Stephen Kenyon wrote:If forced to come down one side or the other I'd have to say no it doesn't sound authentic.
Although I've been aware of the work for some time I have only just got around to listening to this - my immediate impression is that it is not the work of Tárrega. If I had to make a guess I would suggest that it has many of the characteristics of Arcas' writing when in folkloric mode.
The recording is (to be polite) less than sensitive to the music - almost trying too hard to give a flavour of Tárrega rather than letting the work speak for itself.
amade wrote:The title page clearly states the piece is by Tárrega.
This indicates so very little.
As we know, lots of pieces were erroneously attributed to Tárrega through copying - not least by his close associates and pupils. One such, the "Gran Jota" referenced as a Tárrega composition in the original article, is clearly copied from Arcas which blatant disregard by the author immediately raises one's suspicions over the critical rigour brought to bear on the musical (as opposed to biographical) investigation.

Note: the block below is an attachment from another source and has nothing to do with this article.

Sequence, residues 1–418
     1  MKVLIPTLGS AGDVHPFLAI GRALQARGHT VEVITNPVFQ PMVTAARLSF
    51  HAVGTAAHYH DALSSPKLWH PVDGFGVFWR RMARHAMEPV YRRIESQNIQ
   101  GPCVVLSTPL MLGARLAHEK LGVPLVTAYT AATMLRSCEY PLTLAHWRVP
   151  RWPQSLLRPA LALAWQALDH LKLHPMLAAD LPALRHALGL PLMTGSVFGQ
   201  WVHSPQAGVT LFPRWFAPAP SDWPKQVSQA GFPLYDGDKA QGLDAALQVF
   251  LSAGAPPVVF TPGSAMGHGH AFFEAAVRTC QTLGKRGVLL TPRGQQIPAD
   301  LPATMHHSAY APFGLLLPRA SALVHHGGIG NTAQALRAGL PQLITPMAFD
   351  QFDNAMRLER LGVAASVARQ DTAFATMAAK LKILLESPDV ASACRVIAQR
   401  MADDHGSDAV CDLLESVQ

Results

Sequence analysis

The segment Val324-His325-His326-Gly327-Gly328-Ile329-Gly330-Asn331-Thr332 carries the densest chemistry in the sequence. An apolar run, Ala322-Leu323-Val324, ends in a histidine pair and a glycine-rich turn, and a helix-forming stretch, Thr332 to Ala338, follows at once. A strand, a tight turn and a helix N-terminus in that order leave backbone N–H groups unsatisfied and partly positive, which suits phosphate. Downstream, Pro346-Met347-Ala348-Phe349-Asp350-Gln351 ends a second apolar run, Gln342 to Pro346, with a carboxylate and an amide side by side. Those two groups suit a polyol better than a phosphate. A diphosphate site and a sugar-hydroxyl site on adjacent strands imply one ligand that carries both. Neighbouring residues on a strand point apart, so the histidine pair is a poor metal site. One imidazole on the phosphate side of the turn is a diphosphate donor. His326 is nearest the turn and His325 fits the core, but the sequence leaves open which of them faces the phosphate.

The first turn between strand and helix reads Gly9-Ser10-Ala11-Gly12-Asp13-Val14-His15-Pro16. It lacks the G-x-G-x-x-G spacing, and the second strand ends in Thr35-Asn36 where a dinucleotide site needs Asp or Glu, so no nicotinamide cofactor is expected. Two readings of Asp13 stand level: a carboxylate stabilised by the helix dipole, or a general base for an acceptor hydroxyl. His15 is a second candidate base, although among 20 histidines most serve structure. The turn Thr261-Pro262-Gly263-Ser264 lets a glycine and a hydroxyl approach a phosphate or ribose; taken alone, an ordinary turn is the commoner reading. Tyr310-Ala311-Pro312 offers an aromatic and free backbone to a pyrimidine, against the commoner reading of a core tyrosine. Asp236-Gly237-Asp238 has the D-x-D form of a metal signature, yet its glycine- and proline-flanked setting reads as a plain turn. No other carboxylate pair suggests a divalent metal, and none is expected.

No doubt the process towards publication will, nevertheless, unearth interesting and useful information - I'm certainly looking forward to receiving, reading and playing it.
amade wrote:Studies have demonstrated that negative aesthetic judgments are often rendered for pieces with uncertain attribution. The judgments change once a piece becomes authenticated. And vice-versa.
I try not to be unduly influenced by such matters. After all, "official" judgements (negative or positive) by even the supposed most worthy are sometimes applied according to criteria beyond the mere academic.